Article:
On the last Friday in 2017, about two dozen young children are gathered at the Hatch Art Studio in Point Breeze. School is out for the holidays and 7-year old Rachel Collura is spending the day here at a day camp.
"We're making things for New Year's Eve, like a wand with a wish in it and a hat and confetti, and stuff like that," said Collura.
The studio’s owner and creative director, Shannon Merenstein, is a Pittsburgh native who returned to the city to teach art at the Environmental Charter School at Frick Park when it opened in 2008.
Seven years later, when Merenstein had her first child, Graham, she started to think about a space where she could bond with him and inspire his own sense of creativity and love for art.
"I didn't really find anything that fit that need, so I started looking into the idea of opening my own children's art studio," she said.
Merenstein said she envisioned a place that would let kids experiment freely, instead of sending them home with a standardized product, like a painted mug.
"And I wanted it to be a space not just for art-making but also for making connections," she said.
She found a vacancy among the storefronts on Point Breeze’s Reynolds Street, and in the fall of 2015, Hatch was born. Merenstein started offering classes, workshops and camps for kids ranging from 18 months to their early teens. Her programs cover art forms like painting, calligraphy and printmaking.
"Almost more important than the materials they're using is that kids are making choices, they're making discoveries and they're self-imitating and creating," said Merenstein.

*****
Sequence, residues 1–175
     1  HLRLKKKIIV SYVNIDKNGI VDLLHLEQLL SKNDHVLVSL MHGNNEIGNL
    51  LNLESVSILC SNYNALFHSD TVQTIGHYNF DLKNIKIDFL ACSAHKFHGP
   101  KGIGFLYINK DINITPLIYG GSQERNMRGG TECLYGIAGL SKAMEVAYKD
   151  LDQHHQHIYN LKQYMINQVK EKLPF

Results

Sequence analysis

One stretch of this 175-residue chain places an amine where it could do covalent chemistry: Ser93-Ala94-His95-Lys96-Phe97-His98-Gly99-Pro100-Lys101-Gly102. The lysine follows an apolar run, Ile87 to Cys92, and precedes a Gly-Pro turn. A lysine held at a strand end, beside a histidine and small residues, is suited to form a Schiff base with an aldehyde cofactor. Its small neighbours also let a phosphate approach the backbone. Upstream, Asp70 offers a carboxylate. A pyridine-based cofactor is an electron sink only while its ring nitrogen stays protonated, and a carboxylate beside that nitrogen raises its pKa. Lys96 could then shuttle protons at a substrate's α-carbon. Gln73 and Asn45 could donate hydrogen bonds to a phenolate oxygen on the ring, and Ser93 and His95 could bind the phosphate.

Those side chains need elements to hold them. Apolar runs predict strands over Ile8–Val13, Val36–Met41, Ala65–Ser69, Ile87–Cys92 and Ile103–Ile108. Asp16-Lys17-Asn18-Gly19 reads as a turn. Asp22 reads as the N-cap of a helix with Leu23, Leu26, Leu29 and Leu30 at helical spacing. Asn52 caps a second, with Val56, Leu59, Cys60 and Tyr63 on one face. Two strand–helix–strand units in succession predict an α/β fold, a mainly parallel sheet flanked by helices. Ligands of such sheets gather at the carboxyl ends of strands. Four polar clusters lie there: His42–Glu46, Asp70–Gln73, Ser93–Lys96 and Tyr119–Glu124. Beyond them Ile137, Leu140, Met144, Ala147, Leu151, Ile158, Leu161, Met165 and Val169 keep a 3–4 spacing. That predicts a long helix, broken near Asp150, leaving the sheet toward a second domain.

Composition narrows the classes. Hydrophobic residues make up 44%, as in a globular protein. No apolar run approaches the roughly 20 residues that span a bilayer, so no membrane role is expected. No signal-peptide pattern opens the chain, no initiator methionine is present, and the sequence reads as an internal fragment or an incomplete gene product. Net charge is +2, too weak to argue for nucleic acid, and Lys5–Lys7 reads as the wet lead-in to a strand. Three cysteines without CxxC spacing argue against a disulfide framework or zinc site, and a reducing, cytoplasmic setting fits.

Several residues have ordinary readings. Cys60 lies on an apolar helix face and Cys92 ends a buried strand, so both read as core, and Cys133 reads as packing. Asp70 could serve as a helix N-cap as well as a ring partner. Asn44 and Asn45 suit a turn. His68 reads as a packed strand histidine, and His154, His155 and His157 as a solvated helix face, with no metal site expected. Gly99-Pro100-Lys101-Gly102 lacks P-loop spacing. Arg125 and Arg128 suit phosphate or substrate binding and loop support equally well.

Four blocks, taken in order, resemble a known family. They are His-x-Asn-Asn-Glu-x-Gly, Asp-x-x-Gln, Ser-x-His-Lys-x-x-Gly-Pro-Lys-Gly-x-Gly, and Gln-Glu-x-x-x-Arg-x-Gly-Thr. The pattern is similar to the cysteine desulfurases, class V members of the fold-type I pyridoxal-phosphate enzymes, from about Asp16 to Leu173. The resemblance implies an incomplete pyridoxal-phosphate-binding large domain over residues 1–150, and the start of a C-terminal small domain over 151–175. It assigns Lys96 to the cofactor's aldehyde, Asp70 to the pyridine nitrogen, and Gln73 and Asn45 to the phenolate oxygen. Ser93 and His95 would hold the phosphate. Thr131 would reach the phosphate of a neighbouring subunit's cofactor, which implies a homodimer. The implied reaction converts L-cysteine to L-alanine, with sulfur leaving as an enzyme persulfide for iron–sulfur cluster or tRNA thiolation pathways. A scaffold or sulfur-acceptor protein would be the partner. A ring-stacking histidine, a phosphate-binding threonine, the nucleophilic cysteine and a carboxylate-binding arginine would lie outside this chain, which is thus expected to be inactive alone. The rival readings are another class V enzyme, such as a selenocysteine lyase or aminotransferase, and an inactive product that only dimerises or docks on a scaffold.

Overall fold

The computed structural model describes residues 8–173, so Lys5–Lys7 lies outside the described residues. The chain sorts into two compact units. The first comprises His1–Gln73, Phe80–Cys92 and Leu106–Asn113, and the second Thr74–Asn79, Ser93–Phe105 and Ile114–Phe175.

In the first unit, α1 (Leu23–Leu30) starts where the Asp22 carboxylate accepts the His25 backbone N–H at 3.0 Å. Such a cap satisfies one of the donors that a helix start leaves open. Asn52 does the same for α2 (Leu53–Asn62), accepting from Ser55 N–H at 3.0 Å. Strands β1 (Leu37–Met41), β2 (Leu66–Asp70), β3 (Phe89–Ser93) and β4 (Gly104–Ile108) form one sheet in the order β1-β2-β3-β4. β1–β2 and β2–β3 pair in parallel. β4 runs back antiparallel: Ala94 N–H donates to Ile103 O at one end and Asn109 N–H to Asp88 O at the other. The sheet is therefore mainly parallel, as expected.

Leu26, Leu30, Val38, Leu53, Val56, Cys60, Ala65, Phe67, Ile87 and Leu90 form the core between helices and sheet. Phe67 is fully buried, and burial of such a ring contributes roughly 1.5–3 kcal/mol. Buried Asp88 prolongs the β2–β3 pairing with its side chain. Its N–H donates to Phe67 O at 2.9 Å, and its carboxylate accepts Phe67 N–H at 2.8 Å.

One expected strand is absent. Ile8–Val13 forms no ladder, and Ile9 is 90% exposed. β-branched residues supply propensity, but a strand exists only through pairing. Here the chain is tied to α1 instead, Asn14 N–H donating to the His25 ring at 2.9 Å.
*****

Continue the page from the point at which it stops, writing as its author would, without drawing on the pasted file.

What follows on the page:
Katherine Mazzey-Humphries has lived in Point Breeze for 13 years. Her 9-year-old daughter, Anna, has participated in various Hatch programs.
"There’s often open studio time down there, so children can drop in without being signed up for a class. In the summertime, you see the children out and about in the community, Anna’s done art projects on the pavement with her friends before," said Mazzey-Humphries. "It’s always nice to meet the parents down there and chat."
Mazzey-Humphreys said that because Hatch is centrally located in the neighborhood, it’s an easy place for families to walk to and gather and it’s one of the businesses on Reynolds that offers food, drinks and activities to the neighborhood during Point Breeze’s holiday Light Up Night each year.
Merenstein said that, these days, Hatch has become the community-oriented studio that she envisioned, maybe even more than she would have thought.
"All of the families who come and take classes with us have built relationships not only with me but with the other instructors that we have here," she said. "You wouldn't believe how many times they're asked to babysit."